For university incubators, a key decision is how to obtain resources for the strategic focus chosen and how to transform them into services. They can decide to copy the same incubators or choose those that are specifically needed for new businesses. Unfortunately, there is no survey to rigorously determine what is needed. Therefore, many choose the typical offerings: infrastructure, training, networking, and capital [Hausberg & Korreck, 2018].

Recent research suggests that less objective resources and services such as culture, legitimacy, and social capital play an important role [Redondo & Camarero, 2018]. Culture offers new ventures through community support, identity and negotiating boundaries with stakeholders and other institutional or market actors [Theodorakopoulos, et al., 2014].

The impact of a university incubator on its stakeholders can be quite varied, with generally positive effects. For the university, these may include developing entrepreneurial skills, stimulating entrepreneurship on campus, or stimulating innovation. The commercialisation of university intellectual property can lead to regional economic development and increased employment [Jamil, et al., 2015] [Lasrado, et al., 2016]. And some benefit all future businesses that involve the same individuals (i.e., acting as serial producers) [Westhead, et al., 2005].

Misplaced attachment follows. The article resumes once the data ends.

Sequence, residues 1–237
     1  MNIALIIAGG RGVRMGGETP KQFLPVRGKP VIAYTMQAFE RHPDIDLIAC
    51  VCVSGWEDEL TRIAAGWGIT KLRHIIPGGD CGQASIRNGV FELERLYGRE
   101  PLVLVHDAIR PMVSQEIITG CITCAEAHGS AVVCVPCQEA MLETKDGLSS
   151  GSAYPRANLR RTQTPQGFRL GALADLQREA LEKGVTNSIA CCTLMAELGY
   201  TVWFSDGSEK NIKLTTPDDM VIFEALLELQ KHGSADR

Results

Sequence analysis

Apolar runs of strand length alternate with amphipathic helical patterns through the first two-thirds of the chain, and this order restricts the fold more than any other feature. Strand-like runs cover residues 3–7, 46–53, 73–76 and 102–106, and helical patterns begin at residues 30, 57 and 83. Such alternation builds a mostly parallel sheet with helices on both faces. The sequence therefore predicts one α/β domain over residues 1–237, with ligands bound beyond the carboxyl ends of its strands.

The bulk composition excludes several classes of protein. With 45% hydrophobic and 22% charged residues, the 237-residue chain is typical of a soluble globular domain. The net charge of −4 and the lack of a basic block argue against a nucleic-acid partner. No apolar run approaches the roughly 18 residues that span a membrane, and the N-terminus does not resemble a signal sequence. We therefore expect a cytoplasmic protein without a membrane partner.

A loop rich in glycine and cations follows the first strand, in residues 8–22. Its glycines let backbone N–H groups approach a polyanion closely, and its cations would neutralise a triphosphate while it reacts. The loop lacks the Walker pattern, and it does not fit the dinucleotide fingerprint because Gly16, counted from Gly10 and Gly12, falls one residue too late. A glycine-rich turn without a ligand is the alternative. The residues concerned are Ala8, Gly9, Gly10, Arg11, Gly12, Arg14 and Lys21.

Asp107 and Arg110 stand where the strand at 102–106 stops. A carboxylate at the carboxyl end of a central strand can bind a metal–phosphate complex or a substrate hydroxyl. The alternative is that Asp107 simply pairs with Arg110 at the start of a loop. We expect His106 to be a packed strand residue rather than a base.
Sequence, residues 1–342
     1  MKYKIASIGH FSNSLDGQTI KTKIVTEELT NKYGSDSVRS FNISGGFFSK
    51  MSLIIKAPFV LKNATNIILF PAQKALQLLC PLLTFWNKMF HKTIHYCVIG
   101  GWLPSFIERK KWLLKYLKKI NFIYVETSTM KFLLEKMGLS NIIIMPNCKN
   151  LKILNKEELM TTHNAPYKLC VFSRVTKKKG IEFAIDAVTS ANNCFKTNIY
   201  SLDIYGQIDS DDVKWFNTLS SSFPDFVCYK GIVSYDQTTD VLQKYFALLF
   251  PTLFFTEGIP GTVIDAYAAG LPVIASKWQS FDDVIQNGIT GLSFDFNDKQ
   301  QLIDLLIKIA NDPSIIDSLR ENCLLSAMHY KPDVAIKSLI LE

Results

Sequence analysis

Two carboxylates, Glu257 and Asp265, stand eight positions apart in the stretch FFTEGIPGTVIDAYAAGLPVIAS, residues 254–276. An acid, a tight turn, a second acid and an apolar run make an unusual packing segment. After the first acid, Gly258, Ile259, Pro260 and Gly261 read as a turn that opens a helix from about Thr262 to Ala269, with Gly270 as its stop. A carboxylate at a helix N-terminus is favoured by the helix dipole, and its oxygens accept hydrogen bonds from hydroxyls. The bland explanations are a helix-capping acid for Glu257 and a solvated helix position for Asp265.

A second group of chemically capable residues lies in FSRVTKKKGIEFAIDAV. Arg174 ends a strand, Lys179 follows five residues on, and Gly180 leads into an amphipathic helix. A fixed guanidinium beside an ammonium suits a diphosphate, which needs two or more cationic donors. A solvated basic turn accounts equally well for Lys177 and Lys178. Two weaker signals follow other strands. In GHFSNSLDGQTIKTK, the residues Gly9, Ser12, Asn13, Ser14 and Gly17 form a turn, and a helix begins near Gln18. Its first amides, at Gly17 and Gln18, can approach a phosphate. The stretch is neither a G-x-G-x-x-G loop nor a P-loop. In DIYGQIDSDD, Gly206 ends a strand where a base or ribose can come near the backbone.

4 Research material and methods used

Following the literature review, we asked ourselves the research question: could a set of criteria be developed that would allow for some form of standardised typology of university incubators around the world? Accordingly, the main objective of our research was to translate the typologies found in the literature into a common set of criteria, supplemented by the elements that we had found in our own experience of studying incubators. A further objective is to identify the characteristics that most characterise incubators and those that least. Finally, our aim is to show which incubators are closest to the “standard”, i.e., which have the most general characteristics, and which are furthest from it.